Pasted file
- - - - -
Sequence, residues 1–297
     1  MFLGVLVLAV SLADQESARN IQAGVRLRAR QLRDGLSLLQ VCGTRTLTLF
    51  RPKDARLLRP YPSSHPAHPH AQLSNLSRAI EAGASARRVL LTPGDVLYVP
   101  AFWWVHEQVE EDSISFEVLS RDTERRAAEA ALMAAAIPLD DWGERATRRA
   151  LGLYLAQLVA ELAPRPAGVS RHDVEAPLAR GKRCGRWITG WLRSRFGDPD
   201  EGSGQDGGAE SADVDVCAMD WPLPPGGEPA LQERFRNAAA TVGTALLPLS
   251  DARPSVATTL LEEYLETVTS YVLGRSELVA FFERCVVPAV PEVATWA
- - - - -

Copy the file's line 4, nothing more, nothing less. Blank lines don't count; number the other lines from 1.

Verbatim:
   101  AFWWVHEQVE EDSISFEVLS RDTERRAAEA ALMAAAIPLD DWGERATRRA